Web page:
After weeks of France’s strict lockdown, Mohammed, a 14-year-old with autism, took a pickax and started hitting the wall of his house, hoping that he could finally go out.
His explanation: “Too long at home, too hard to wait.”
Coronavirus lockdown is proving a particularly trying ordeal for children with disabilities and their families who are struggling to care for them at home now that special schools and support programs have been shut down.
Mohammed hasn’t picked up the ax again since the incident last month, his father Salah says with relief. But his son still gets exasperated, and says, “I want to break the house down.”
The family, like others who spoke to The Associated Press about what they’re going through, spoke on condition they be identified by first name only, out of privacy concerns for their children.
Making matters worse, Mohammed’s mother, who works in a nursing home, has been on sick leave after testing positive for COVID-19. She had to live for weeks isolated on the top floor of their house in the Paris suburb of Mantes-la-Jolie, and was forced to keep distance from her family. Her health has since improved.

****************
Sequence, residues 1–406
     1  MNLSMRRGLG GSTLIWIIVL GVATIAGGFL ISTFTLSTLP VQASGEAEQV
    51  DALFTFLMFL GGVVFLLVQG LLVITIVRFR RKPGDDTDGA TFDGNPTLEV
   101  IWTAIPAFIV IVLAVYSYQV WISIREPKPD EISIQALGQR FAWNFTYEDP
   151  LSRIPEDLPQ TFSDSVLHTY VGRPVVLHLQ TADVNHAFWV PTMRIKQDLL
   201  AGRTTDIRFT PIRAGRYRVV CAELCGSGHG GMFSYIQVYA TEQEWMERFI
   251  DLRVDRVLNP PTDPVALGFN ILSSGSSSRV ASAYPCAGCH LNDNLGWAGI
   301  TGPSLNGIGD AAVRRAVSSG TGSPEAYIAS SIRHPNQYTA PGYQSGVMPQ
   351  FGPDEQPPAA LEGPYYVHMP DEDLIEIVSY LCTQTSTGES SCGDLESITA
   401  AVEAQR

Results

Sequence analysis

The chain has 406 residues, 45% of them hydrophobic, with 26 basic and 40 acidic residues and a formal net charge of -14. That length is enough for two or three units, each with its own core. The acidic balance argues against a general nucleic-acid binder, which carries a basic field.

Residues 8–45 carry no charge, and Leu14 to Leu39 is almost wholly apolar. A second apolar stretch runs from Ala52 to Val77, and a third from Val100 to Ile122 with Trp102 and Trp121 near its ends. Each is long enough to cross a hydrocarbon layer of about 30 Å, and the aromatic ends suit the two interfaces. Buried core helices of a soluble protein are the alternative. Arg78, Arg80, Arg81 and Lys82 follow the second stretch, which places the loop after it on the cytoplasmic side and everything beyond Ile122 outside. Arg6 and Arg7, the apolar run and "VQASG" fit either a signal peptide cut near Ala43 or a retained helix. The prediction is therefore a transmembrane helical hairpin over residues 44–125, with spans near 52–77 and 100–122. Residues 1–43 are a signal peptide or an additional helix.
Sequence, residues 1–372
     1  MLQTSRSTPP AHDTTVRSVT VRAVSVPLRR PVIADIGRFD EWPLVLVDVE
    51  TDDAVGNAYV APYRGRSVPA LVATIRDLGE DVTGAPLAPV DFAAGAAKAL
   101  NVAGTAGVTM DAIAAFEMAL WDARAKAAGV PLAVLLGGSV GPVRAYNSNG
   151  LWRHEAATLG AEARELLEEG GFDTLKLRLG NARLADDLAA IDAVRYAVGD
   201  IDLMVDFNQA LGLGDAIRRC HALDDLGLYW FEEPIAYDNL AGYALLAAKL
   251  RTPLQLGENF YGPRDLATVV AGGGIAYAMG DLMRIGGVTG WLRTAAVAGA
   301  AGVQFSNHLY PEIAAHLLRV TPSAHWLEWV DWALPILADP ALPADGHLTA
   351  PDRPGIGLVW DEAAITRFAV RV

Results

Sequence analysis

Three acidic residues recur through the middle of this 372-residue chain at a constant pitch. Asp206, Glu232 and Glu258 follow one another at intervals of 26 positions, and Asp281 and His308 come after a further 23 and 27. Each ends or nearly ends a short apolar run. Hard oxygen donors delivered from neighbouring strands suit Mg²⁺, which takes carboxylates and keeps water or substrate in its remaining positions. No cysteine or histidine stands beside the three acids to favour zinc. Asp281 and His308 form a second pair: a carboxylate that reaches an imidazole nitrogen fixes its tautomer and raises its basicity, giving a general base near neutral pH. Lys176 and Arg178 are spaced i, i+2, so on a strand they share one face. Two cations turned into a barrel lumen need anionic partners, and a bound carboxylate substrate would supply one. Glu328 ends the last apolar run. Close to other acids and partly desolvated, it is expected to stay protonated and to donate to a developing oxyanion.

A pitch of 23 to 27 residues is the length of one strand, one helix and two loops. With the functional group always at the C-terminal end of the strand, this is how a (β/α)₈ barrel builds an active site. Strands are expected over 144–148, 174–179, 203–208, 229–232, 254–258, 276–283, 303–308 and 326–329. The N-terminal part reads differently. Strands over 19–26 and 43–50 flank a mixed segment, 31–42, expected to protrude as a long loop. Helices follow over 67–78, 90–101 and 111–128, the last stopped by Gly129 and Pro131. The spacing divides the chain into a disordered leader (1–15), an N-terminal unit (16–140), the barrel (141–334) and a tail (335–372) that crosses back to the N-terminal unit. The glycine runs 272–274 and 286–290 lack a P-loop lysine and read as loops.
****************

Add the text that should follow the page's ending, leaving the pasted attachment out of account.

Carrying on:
That was particularly hard for Mohammed, who has a close relationship with his mother.
“We kept telling him that there’s the disease. He took note. Then he tried again to go up and see her,” Salah said.
Violent outbursts, incomprehension, disputes, panic attacks: Lockdown is a shock to many children with special needs, cut off from their friends and teachers, deprived of their reassuring routine. And France’s virus lockdown measures — now in their second month and not set to end until at least May 11 — are among Europe’s strictest.
At home, Mohammed requires constant attention so that he won’t put himself in danger.
“That’s tough on him. We reprimand him, saying no. … We need to repeat and repeat,” Salah said. The father admits to his own fatigue, working at home as a telecoms engineer while also taking care of his two other sons, ages 12 and 8.
Salah knows how to detect signs on Mohammed’s face when he is under too much pressure and may get angry: “I don’t let things get heated.”
Mohammed’s teacher at the Bel-Air Institute near Versailles, Corentin Sainte Fare Garnot, is doing his best to help.
“If you remove crutches from someone who needs them from one day to the next, it gets very complicated,” he said.
“The feeling of loneliness and lack of activity can be very deep” for people with autism, he said. Mohammed calls him several times a day.
Aurelie Collet, a manager at the Bel-Air, which provides specialized educational and therapeutic services for dozens of children with different types of disabilities, said some teenagers just didn’t understand the lockdown rules at first, and kept going out. Others who used to be well-integrated in their class turned inward, isolating themselves in their bedrooms.
So the staff developed creative tools to keep communicating and working with the children, including through social networks, she said.